Let's hope idea of reviving Charles Bridge toll remains just that
In just a couple of weeks' time, Charles Bridge - without doubt one of the greatest symbols of Prague - will be the centre of celebrations. On July 9 it will be exactly 650 years since the laying of the first stone. On this "jubilee" anniversary, Charles Bridge is receiving its first extensive renovations in three decades. But already there has been some discussion about what the future holds for the landmark - and a call for a toll system to be introduced to reduce traffic.
Today, though, some are asking if Charles Bridge can survive a few more centuries in good nick if the phenomenal number of tourists that cross it every year goes unchecked.
A Czech historian recently proposed one possible way to help preserve Charles Bridge: he believes the authorities should charge people to cross the structure, thus reducing traffic. Opinion seems to be divided on the idea. The strongest argument against is that Czechs would refuse to pay, effectively barring them from one of their best-loved national monuments. Many Czechs already feel that the centre of Prague is "for foreigners"; that's a feeling which would no doubt be compounded by such a levy.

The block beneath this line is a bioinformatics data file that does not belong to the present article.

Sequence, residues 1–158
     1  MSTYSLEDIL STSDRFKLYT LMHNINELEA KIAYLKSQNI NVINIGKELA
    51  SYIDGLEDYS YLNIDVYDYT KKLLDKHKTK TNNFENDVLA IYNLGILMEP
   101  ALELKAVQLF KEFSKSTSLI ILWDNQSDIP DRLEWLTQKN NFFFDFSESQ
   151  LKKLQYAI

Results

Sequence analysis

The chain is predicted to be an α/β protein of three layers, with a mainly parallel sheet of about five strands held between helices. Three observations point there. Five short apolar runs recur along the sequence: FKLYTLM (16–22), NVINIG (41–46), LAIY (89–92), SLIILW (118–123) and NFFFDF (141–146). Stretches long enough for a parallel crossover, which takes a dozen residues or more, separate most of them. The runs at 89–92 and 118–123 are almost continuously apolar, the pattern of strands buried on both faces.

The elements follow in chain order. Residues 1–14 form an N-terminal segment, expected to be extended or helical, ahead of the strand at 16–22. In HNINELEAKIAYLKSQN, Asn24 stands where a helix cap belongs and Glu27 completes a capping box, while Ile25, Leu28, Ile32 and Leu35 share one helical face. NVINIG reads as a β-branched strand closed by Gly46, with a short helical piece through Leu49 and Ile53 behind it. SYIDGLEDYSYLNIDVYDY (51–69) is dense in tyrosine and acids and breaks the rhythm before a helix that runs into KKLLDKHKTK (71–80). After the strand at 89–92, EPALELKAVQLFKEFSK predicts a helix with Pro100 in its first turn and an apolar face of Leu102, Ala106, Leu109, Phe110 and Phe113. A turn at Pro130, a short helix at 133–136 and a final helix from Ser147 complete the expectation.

As far as I am aware, the only such tariff exacted in the city at the moment is at Prague Castle's Golden Lane. But that doesn't really lead anywhere except the end of Golden Lane. By contrast, the only quick and practical route from the Old Town Square to Malostanske namesti involves crossing Charles Bridge. I personally would feel fleeced if forced to cough up some cash to walk its 516 metres. But then again, going the long way round would be a royal pain in the zadek.
The idea of a Charles Bridge toll is not without precedent. The wonderfully named Knights of the Cross with the Red Star levied a toll to fund their religious order, which was based nearby. Later a fee was charged by the Old Town authorities. That practice was ended in 1814 - and I for one hope it remains in the annals of history.